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Proof of the Man 
Written by: on April 28th, 2008

Theatrical Release Date: Japan, October 8th, 1977
Director: Junya Sato
Writer: Zenzo Matsuyama
Cast: Yusaku Matsuda, George Kennedy, Toshirô Mifune, Mariko Okada, Bunjaku Han, Robert Earl Jones, Hideo Murota, Broderick Crawford, William Sanderson, Joe Yamanaka, Kinji Fukasaku

DVD released: November 3rd, 2006
Approximate running time:
133 minutes
Aspect Ratio:
1.85:1 Anamorphic Widescreen
Rating: NR
Sound: Dolby Digital Mono Japanese
Subtitles: English & Chinese
DVD Release: IVL
Region Coding: Region 3 NTSC (Hong Kong)
Retail Price: $13.95

Synopsis: When an American tourist named Jonny Hayward mysterious dies while on vacation in Tokyo. A Japanese detective named Munesue goes to New York City looking for a wanted man who fled Japan who knows the identity of the killer Jonny’s. Will detective Munesue be able to track down his only lead a fugitive before he is disposed of like all the other witnesses in this case?

Proof of the Man was directed by Junya Sato who a few years earlier directed the epic action extravaganza Bullet Train. When Proof of the Man was originally released in 1977 two versions where released a longer 133 minute Japanese version and a much shorter 100 minute English language version. The difference between the two version is not just a removal of thirty three minutes since the English language version features scenes that where shot exclusively for this edit of the film.

The origins of Proof of the Man can be traced back to a novel written by controversial author Seiichi Morimura (The Devil’s Gluttony). The film story line and cast also feature several similarities to the Ridley Scott film Black Rain. Both films feature a storyline where law enforcement from a foreign country who tries to appended fugitive suspects. The only main connection is actor Yusaku Matsuda who appears in both films. He is a detective in Proof of the Man while he plays the bad guy in Black Rain.

Visually Proof of the Man is a competently made film that features many stylish moments. The films biggest weakness is its pacing and length. The plot is overlong especially the stretched out fashion show sequences. The plot is an engrossing and the characters are all engaging enough to make you care about the outcome. The U.S. scenes are not as interesting as the Japanese scenes.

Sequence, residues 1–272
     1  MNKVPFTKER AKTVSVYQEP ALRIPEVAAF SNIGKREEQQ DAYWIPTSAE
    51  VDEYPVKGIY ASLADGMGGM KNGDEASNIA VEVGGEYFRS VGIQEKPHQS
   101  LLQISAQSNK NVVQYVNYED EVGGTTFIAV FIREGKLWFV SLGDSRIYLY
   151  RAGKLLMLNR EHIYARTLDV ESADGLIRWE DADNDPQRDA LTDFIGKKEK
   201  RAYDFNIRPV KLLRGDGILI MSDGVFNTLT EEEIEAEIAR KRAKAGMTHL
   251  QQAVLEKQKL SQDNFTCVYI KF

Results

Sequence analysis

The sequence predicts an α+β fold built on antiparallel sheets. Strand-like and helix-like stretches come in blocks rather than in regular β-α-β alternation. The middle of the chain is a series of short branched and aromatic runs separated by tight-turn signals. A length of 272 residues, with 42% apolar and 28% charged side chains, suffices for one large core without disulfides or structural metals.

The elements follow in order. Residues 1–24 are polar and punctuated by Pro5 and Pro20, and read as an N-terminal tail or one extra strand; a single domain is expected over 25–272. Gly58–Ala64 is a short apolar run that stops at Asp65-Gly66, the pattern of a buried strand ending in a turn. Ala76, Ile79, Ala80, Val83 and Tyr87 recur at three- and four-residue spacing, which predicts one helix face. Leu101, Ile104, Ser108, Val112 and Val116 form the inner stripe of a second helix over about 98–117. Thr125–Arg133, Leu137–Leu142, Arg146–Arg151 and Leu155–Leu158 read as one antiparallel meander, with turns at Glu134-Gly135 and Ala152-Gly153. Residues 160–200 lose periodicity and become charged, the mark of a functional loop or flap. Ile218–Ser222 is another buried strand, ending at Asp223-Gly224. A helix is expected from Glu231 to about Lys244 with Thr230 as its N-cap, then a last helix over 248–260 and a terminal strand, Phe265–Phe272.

This production features an impressive ensemble cast that includes Toshirô Mifune, Mariko Okada (The Fall of Ako Castle), Bunjaku Han (Stray Cat Rock: Wild Measures ’71), Hideo Murota (Zero Woman: Red Handcuffs), Joe Yamanaka (Deadly Outlaw: Rekka), Broderick Crawford (All the King’s Men), William Sanderson (“Larry” from Newhart) and Kinji Fukasaku. The two leads are played by George Kennedy and Yusaku Matsuda. Kennedy’s performance is pretty much a typical of the roles he was playing at the time like The ‘Human’ Factor.

The films brightest shining star is actor Yusaku Matsuda (Resurrection of Golden Wolf) who creates another memorable character. Matsuda gets into his characters skin with his subtle performance that perfectly offsets the scenes where he teams up with George Kennedy who tends to play his characters too loudly. The film does do a good job of keeping the identity of the killer under wraps until the film’s final moments. The ended is a bit exaggerated especially when the killer is revealed and elaborates why they murdered Jonny Hayward.

Ultimately Proof of the Man is still a highly entertaining murder mystery despite its short comings and it is worth watching if just for Yusaku Matsuda’s mesmerizing performance.

The DVD:

Proof of the Man is presented in an anamorphic widescreen that preserves the film’s original aspect ratio. The transfer is in great shape with natural looking colors and flesh tones. Details looks clean and sharp with strong black levels look through out. The source material used is free of any print damage and there are no problems with compression or edge enhancement.

The films audio mix is a dual language track that has scenes in Tokyo and the scenes in New York are mostly in English. The audio mix is a Dolby Digital mono track. The audio is clean, clear and evenly balanced. Removable Chinese and English subtitles have been included. The English subtitles are error and they are not direct English dub titles of the English dialog which is being spoken.

The only extras included with this release are trailers for The Proof of the Man, Story of the Detective and G.I. Samurai. These last two trailers are forced trailers at the beginning of the DVD which cannot be skipped over unless you fast-forward them. ILV gives The Proof of the Man an affordable DVD release that makes up for its lack of extra content with its first rate audio/video presentation.

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